Linked by Thom Holwerda on Wed 11th Nov 2009 14:21 UTC
Google Google has invented a new programming language designed to reduce the complexity of coding without compromising the performance of applications. Called Go, the language has been tested internally at Google but is still at an experimental stage, so the company is releasing it as open-source code in the hope that it will get help with its future development.
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RE: Dirty?
by frytvm on Wed 11th Nov 2009 22:45 UTC in reply to "Dirty?"
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Functions can return more than one value (which is cool) like this:
"func foo(i int) (a, b int) {}

A function that returns only one value looks like this:
func bar(i int) int {}

So, I ask, why do we need parentheses when returning more values? Why can't we just write this:
func foo(i int) a, b int {}

I'm not sure if there are any technical reasons, but IMHO the parentheses make it more obvious that it's all part of the return type.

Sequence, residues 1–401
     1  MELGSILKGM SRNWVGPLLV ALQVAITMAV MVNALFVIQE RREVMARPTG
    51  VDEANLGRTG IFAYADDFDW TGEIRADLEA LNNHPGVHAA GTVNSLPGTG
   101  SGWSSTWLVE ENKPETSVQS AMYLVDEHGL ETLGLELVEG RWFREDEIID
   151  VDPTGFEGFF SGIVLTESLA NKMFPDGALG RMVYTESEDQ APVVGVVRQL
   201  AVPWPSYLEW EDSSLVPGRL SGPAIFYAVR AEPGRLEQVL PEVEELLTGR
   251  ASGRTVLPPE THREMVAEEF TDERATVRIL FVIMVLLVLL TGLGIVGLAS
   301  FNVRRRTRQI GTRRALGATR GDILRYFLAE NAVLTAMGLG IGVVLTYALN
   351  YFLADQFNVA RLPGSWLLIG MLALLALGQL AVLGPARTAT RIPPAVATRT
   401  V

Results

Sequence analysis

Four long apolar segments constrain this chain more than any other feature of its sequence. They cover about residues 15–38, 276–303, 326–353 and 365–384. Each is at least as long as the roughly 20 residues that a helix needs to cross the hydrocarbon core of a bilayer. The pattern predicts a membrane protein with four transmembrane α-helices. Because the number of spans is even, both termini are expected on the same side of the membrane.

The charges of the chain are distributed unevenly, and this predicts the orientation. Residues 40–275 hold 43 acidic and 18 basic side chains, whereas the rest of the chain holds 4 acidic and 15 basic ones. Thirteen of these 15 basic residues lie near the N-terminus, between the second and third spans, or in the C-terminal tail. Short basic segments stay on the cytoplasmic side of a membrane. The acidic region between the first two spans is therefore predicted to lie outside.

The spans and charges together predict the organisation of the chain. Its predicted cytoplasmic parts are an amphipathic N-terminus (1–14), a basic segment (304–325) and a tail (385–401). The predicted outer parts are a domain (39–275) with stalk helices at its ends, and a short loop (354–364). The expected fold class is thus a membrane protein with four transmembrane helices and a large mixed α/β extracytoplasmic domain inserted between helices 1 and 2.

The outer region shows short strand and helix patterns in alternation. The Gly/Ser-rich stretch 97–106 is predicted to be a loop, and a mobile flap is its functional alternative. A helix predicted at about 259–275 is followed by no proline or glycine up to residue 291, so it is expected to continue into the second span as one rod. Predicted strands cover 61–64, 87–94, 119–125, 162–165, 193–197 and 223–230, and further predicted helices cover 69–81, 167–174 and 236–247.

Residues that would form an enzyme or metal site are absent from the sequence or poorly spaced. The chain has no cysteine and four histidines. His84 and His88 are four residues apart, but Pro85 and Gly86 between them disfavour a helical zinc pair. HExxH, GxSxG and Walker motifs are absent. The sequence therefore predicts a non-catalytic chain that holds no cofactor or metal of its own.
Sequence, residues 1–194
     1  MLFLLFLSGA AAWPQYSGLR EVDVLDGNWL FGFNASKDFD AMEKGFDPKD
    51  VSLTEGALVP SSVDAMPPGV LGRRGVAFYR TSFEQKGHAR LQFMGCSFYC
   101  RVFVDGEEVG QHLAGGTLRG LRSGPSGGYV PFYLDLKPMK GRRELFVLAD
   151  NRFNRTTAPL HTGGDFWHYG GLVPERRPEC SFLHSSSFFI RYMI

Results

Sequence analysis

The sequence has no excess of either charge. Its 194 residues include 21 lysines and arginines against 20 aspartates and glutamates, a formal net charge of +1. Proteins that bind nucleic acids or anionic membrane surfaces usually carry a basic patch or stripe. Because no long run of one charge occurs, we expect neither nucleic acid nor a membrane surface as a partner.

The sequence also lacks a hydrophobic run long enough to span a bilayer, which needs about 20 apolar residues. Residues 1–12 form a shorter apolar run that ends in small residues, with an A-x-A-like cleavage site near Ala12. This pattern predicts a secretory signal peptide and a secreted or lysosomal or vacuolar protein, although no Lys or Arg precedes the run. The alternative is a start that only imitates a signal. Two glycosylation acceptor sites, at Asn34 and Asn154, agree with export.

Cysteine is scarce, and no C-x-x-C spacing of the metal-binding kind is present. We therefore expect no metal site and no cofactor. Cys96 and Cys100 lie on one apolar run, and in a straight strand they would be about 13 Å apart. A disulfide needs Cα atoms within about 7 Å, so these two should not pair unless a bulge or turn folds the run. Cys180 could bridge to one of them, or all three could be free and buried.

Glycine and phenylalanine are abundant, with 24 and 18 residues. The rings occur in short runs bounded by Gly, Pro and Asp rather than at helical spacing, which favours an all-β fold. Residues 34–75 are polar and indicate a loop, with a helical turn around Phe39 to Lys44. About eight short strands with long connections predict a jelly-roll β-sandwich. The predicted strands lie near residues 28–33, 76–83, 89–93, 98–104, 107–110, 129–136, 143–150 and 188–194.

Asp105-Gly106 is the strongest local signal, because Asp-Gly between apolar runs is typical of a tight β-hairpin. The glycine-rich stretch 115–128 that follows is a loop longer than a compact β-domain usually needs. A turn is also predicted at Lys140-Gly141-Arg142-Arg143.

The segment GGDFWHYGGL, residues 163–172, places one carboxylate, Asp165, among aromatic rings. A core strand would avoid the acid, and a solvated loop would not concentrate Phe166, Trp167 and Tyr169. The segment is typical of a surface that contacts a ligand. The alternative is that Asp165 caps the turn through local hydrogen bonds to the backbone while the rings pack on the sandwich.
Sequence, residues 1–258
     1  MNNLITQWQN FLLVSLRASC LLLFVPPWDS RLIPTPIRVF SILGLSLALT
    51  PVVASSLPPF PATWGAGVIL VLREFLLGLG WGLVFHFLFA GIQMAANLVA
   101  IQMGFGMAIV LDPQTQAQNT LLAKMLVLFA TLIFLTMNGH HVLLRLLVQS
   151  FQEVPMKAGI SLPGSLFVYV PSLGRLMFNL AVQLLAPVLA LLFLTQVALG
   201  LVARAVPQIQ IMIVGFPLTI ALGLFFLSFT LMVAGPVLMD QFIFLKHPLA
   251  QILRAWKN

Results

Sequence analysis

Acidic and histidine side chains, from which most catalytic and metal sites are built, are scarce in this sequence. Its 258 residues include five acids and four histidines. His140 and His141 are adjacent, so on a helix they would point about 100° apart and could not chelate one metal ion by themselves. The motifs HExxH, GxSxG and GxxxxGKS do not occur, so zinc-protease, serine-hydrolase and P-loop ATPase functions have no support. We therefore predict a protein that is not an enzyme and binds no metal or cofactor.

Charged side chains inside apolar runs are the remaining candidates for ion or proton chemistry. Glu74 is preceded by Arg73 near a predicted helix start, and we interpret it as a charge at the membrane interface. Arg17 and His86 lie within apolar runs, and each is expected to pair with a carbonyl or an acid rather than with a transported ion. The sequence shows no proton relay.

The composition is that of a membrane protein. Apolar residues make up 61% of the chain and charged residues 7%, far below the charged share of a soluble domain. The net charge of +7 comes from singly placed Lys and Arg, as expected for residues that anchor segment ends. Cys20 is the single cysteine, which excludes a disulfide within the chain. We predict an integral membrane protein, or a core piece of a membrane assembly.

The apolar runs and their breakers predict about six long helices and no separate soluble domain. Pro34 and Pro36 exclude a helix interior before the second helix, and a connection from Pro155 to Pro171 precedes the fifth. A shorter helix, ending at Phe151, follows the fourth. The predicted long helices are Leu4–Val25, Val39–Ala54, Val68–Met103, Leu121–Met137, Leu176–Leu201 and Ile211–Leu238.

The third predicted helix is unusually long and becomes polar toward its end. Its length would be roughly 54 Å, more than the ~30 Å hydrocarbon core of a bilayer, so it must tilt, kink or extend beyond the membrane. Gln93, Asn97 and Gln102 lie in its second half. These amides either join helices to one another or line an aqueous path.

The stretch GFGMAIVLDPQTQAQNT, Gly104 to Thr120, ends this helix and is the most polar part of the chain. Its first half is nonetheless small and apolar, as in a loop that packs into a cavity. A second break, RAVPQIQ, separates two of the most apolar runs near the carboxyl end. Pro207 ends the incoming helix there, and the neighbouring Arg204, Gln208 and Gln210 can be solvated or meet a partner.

Oh, and by the way, the Go does not seem to be object-oriented (I am not sure.) and does not support exceptions...

Go is fairly object-oriented, although a little differently from c++/java (no type hierarchy). Still, it has methods, interfaces, and the like.

As far as exceptions, the FAQ
suggests that the authors are leaving it as an "open issue" for now, so they might still enter in some form, I guess.

While the lack of exceptions and generics/templates (also an "open issue") make me a little worried, Go still seems like a nice improvement over C for most programs. I'm surprised they didn't make a bigger deal of Go's support for proper closures (at least according to the spec) and anonymous functions, though - making C++ functors is quite painful.

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